Can Making Family Salient Improve Retirement Contributions? Evidence from Field Experiments in Mexico

Despite good intentions, consumers regularly struggle to reach their retirement savings goals. There are small barriers and obstacles that prevent individuals from forgoing consumption today in order to secure a better financial pathway for the future. While previous work has identified several key mechanisms and interventions designed to encourage thinking about the future, relatively little attention has been paid to whether nudges focusing on the benefits of saving for other people, such as the individual’s family members, can influence the motivation to save for the future. Our paper addresses this gap in the literature.

We perform three large-scale field experiments (N=237,503) with two of the eleven government sponsored retirement companies in Mexico. These companies differ significantly in their offered rates of return. One of the firms we worked with provided a relatively high rate of return (in the top 4 firms historically), while the other provided a relatively low rate of return (in the bottom half historically). In our first two experiments, we ask whether redesigning quarterly account statement forms sent out by the government, using traditional nudge appeals, are effective in improving voluntary contributions rates. Individuals in each firm were split up into a control group, which received the old statement, and four treatment groups, each of which received a different message in the center of the form (a family message which emphasized saving for one’s family in the future or our other traditional nudge conditions either emphasizing potential gains from saving, or losses from not saving, or a small card that could be cut out of the form to help individuals remember to make voluntary contributions). We find that for individuals in the high-performing firm, all four treatments increased contribution rates. However, in the low-performing firm, individuals were either unresponsive to the interventions, or even responded negatively to them, now less likely to contribute than the control individuals.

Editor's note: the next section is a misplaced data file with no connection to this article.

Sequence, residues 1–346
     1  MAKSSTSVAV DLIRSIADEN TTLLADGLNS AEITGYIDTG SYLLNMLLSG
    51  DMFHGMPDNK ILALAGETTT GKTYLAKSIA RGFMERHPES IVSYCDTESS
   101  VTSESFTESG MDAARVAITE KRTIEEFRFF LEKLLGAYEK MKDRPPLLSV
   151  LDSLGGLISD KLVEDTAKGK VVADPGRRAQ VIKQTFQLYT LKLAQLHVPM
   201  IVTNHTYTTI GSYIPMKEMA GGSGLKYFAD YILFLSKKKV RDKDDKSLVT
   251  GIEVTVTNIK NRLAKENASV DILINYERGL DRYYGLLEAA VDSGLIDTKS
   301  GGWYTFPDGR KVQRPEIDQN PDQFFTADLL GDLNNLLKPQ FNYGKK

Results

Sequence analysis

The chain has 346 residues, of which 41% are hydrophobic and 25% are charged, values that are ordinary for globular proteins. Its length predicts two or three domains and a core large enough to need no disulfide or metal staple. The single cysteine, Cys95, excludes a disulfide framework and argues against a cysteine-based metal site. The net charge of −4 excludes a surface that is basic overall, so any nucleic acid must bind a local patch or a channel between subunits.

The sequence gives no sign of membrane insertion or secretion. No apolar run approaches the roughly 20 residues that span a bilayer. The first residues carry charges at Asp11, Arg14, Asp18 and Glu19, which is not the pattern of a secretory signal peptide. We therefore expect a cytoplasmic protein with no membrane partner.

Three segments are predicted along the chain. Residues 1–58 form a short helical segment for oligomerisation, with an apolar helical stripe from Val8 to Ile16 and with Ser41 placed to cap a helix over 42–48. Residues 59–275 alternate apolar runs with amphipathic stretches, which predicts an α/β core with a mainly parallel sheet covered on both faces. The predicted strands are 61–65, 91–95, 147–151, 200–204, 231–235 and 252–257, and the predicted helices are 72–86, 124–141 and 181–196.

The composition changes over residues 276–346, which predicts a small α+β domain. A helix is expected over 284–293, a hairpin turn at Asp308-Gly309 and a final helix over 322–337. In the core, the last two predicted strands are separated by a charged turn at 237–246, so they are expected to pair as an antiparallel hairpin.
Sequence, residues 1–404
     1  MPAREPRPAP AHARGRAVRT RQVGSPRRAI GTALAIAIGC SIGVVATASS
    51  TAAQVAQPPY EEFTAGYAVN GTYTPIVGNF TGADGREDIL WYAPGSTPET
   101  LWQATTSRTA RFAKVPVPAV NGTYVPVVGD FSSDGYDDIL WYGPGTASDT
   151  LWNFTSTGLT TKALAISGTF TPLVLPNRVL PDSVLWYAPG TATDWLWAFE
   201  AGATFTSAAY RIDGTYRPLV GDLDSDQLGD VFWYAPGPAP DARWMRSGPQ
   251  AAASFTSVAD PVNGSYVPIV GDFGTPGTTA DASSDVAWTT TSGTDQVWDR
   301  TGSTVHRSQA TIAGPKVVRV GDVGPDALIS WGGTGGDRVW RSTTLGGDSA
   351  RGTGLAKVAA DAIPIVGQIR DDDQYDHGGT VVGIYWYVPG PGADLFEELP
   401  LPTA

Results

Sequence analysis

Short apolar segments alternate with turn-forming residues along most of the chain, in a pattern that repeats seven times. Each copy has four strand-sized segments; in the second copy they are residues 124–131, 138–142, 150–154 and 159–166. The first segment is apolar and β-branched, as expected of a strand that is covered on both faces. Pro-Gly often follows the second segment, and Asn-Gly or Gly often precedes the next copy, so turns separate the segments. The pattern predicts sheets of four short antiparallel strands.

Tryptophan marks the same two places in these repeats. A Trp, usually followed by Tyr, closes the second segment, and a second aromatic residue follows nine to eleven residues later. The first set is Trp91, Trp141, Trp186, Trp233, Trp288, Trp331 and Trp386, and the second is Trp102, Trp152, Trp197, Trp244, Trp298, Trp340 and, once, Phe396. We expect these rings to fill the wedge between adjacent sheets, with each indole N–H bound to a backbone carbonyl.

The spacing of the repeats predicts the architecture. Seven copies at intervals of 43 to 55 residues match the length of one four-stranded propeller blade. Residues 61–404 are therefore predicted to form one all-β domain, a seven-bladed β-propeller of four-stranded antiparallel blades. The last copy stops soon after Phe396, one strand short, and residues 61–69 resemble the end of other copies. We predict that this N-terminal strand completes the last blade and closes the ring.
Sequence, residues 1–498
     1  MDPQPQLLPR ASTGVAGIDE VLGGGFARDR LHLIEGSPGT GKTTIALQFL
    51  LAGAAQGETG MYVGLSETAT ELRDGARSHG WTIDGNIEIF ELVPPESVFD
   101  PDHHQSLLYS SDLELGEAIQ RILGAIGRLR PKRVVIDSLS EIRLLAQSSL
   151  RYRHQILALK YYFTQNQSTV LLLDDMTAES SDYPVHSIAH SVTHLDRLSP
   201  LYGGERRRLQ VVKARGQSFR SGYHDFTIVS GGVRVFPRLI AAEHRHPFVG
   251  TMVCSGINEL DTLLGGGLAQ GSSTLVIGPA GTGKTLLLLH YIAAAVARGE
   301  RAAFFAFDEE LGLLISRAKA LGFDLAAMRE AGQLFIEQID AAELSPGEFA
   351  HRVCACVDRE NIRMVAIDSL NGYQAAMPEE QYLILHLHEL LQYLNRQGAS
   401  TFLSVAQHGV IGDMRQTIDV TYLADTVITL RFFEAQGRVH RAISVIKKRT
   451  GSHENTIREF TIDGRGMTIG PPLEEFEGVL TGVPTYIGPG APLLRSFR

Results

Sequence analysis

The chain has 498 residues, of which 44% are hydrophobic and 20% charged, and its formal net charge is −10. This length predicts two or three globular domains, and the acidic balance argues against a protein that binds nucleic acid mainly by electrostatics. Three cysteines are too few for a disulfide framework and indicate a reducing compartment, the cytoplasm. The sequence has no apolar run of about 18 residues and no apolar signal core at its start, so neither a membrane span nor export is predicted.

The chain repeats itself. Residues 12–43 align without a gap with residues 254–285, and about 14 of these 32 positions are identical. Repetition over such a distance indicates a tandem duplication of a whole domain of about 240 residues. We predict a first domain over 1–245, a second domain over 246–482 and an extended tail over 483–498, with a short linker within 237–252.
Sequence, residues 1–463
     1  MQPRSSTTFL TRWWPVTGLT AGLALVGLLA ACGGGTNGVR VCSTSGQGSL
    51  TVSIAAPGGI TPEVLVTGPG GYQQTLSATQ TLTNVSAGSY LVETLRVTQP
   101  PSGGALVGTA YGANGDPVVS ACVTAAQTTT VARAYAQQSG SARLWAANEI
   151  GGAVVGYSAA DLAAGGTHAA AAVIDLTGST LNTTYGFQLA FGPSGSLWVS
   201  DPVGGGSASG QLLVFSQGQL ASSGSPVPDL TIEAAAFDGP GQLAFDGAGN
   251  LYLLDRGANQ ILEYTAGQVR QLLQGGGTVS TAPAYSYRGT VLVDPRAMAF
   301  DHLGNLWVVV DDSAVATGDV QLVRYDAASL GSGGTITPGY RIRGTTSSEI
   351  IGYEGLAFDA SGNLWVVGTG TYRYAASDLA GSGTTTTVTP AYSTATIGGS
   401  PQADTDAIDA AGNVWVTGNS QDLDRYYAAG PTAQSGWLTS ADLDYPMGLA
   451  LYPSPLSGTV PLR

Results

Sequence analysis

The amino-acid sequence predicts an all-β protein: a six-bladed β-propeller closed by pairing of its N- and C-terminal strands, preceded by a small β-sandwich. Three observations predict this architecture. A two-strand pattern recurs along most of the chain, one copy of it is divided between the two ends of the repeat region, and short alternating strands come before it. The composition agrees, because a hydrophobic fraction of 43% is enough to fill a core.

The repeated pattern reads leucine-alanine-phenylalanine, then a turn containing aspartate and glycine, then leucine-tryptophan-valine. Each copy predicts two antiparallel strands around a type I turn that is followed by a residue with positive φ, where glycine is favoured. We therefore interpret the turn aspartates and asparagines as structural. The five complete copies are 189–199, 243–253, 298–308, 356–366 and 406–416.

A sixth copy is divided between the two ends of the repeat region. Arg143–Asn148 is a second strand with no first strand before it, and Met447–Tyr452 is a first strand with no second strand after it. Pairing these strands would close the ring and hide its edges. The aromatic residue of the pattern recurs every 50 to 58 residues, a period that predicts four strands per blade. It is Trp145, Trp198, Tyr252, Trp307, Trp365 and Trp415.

In our third field experiment, we coupled our new account statements with SMS text-message interventions, which also compared traditional nudges versus family-oriented appeals. In this experiment, which was performed on individuals in the low-performing firm, the family-oriented message did result in a significant increase in contributions, and was in fact the only intervention where the impact was statistically different from the control group (as well as all other conditions). Moreover, family-oriented nudges also significantly improved contribution rates even five months after the experiment, suggesting that the family-oriented nudges may perhaps provide a stronger motivation for savings for these individuals relative to traditional nudges.

To better understand how the effect of the family-oriented nudge varies with individual characteristics, we apply the recently developed Causal Forest approach of Wager and Athey (2017) for estimating heterogeneous treatment effects. Our results suggest that the family-oriented nudge is most effective for individuals in the 28-42 age range, who likely are starting families, but backfires for individuals who are younger. We find that if the retirement firm were to scale up the family intervention, a blanket policy that targets the entire customer base would be unprofitable, but a policy that targets only individuals in the 28-42 age range would be profitable.